Introduction to Digital Video Casette (DV)
What is Digital Video Cassette (DV)?
The DV standard (originally known as DVC - Digital Video Cassette) was created by a group of consumer electronics companies, which has grown since and is known as the DV consortium. It was original intended for home use, but the low cost, high quality format forms the basis of some professional equipment. The most common use is in digital camcorders, where a single Mini-DV cassette can hold 1 hour of high quality video.
Digital Video Cassette uses a 1/4 inch (6.35mm) metal evaporate tape to record very high quality digital video. The video is sampled 720 pixels per scan line, with 4:1:1 (NTSC) or 4:2:0 (PAL) chroma (colour) samples.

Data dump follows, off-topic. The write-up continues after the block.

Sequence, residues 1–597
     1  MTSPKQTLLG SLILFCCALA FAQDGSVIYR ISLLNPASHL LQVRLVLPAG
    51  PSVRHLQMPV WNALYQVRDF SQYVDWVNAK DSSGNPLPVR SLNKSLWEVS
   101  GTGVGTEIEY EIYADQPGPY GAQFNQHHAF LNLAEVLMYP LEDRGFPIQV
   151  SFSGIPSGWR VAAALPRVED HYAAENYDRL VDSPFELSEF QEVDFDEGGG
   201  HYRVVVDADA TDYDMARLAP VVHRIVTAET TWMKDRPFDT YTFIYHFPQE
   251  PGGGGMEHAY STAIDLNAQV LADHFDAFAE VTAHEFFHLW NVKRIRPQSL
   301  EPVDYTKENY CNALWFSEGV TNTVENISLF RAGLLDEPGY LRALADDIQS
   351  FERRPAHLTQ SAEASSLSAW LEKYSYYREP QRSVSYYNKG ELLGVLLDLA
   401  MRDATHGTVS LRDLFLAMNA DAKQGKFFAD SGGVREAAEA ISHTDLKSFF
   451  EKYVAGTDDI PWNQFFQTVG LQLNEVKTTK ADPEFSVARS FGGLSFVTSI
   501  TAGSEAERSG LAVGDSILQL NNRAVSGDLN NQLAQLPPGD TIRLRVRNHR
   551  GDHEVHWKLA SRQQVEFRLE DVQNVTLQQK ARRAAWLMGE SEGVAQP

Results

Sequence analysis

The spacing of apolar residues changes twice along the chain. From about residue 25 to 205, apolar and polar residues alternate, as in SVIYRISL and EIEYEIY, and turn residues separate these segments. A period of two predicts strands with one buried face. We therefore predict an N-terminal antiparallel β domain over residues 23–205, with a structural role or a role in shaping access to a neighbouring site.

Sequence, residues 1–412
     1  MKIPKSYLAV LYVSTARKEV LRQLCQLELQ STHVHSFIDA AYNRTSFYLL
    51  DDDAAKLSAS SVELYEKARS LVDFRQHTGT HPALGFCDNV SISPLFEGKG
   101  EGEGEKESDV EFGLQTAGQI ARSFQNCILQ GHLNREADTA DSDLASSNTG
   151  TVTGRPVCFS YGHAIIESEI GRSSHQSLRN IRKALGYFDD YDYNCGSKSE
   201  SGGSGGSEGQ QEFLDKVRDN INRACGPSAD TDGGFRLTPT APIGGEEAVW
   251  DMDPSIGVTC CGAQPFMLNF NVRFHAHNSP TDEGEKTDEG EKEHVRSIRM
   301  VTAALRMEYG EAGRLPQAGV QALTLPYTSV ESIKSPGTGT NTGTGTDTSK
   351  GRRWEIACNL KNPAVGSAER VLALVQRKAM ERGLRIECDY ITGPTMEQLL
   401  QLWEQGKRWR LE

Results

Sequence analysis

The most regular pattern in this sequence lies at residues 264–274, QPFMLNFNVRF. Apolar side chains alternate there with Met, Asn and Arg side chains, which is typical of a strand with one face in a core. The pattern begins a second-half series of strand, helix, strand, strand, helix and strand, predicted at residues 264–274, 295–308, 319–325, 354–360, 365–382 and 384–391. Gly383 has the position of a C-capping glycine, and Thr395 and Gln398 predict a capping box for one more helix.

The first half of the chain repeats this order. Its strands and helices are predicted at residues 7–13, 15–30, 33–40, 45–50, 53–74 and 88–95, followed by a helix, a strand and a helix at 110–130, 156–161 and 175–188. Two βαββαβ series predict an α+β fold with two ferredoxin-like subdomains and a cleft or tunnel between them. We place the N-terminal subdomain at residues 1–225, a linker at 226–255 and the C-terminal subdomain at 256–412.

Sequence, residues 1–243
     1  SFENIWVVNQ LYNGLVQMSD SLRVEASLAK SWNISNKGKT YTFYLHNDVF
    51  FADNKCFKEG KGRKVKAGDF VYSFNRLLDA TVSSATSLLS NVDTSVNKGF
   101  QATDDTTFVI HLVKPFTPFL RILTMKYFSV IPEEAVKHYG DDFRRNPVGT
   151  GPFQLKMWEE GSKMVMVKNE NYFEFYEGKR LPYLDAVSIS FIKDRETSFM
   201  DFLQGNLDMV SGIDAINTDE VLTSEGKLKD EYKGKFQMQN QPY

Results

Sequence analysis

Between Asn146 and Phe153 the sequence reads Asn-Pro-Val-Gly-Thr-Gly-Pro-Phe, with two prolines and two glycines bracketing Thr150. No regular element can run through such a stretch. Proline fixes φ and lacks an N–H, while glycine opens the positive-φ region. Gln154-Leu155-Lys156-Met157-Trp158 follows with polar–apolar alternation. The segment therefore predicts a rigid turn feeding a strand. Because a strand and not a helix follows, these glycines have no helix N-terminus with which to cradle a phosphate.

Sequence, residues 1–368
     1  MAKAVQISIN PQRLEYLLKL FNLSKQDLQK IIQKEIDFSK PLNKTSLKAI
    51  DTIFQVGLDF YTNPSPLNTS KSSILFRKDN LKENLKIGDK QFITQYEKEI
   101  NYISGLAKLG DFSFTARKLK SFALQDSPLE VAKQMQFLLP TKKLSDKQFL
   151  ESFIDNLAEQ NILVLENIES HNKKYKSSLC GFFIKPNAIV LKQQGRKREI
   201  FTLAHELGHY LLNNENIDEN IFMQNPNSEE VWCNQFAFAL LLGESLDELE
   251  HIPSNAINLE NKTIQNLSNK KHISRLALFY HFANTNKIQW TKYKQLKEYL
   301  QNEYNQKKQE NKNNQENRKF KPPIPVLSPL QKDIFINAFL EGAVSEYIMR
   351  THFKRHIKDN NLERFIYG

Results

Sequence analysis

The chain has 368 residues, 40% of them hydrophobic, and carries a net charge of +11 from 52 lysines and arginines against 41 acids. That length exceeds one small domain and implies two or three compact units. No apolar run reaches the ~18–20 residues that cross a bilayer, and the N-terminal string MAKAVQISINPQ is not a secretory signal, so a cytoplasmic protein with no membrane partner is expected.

The video is compressed using DCT (Discrete Cosine Transformation), similar to moving JPEG. DV can achieve better compression than moving JPEG since it allows better optimisation of quantization tables within a frame.
Only intra frame (I-frame) compression is used, meaning that frames do not depend on previous or following frames. This requires less complicated codecs than MPEG and also makes it more suitable for editing, but big bitrates are required to maintain quality levels.
The video bitrate is fixed at about 25 megabits per second (Mbps). The total data bitrate, including error protection and audio streams is about 36 Mbps.
Technical Specifications of DV Cassette
The video editing introduction page contains information about capturing DV from your camcorder into your PC.